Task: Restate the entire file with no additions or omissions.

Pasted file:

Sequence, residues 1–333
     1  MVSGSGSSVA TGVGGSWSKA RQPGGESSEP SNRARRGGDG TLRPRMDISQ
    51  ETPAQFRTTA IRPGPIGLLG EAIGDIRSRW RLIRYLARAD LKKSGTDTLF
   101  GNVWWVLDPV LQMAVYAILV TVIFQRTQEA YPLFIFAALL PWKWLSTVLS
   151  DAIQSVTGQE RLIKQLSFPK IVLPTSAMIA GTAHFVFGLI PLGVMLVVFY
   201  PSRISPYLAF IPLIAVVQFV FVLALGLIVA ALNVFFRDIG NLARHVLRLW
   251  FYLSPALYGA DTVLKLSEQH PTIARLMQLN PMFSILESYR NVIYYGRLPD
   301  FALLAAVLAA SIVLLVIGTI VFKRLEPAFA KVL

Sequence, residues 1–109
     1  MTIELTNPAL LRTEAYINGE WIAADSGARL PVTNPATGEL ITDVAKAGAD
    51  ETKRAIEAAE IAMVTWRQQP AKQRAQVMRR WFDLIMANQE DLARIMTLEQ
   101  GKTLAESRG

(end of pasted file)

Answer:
Sequence, residues 1–333
     1  MVSGSGSSVA TGVGGSWSKA RQPGGESSEP SNRARRGGDG TLRPRMDISQ
    51  ETPAQFRTTA IRPGPIGLLG EAIGDIRSRW RLIRYLARAD LKKSGTDTLF
   101  GNVWWVLDPV LQMAVYAILV TVIFQRTQEA YPLFIFAALL PWKWLSTVLS
   151  DAIQSVTGQE RLIKQLSFPK IVLPTSAMIA GTAHFVFGLI PLGVMLVVFY
   201  PSRISPYLAF IPLIAVVQFV FVLALGLIVA ALNVFFRDIG NLARHVLRLW
   251  FYLSPALYGA DTVLKLSEQH PTIARLMQLN PMFSILESYR NVIYYGRLPD
   301  FALLAAVLAA SIVLLVIGTI VFKRLEPAFA KVL

Sequence, residues 1–109
     1  MTIELTNPAL LRTEAYINGE WIAADSGARL PVTNPATGEL ITDVAKAGAD
    51  ETKRAIEAAE IAMVTWRQQP AKQRAQVMRR WFDLIMANQE DLARIMTLEQ
   101  GKTLAESRG